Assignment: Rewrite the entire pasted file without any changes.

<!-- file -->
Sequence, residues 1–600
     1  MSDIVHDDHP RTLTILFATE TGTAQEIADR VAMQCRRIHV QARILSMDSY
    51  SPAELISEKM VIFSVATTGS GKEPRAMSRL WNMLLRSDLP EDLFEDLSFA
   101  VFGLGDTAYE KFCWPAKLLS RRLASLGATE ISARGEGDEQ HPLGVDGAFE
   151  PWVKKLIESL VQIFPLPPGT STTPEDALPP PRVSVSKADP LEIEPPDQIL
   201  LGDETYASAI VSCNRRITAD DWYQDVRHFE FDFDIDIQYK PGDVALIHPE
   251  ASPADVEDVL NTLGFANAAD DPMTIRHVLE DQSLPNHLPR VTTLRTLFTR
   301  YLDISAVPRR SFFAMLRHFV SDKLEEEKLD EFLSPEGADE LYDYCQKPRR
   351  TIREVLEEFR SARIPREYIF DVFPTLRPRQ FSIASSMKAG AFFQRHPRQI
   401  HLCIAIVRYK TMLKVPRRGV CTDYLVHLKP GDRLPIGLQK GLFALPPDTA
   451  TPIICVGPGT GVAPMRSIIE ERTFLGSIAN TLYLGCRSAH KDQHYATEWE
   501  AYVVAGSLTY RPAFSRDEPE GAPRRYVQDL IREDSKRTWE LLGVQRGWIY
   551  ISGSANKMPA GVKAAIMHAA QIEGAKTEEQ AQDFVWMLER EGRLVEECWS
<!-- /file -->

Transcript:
Sequence, residues 1–600
     1  MSDIVHDDHP RTLTILFATE TGTAQEIADR VAMQCRRIHV QARILSMDSY
    51  SPAELISEKM VIFSVATTGS GKEPRAMSRL WNMLLRSDLP EDLFEDLSFA
   101  VFGLGDTAYE KFCWPAKLLS RRLASLGATE ISARGEGDEQ HPLGVDGAFE
   151  PWVKKLIESL VQIFPLPPGT STTPEDALPP PRVSVSKADP LEIEPPDQIL
   201  LGDETYASAI VSCNRRITAD DWYQDVRHFE FDFDIDIQYK PGDVALIHPE
   251  ASPADVEDVL NTLGFANAAD DPMTIRHVLE DQSLPNHLPR VTTLRTLFTR
   301  YLDISAVPRR SFFAMLRHFV SDKLEEEKLD EFLSPEGADE LYDYCQKPRR
   351  TIREVLEEFR SARIPREYIF DVFPTLRPRQ FSIASSMKAG AFFQRHPRQI
   401  HLCIAIVRYK TMLKVPRRGV CTDYLVHLKP GDRLPIGLQK GLFALPPDTA
   451  TPIICVGPGT GVAPMRSIIE ERTFLGSIAN TLYLGCRSAH KDQHYATEWE
   501  AYVVAGSLTY RPAFSRDEPE GAPRRYVQDL IREDSKRTWE LLGVQRGWIY
   551  ISGSANKMPA GVKAAIMHAA QIEGAKTEEQ AQDFVWMLER EGRLVEECWS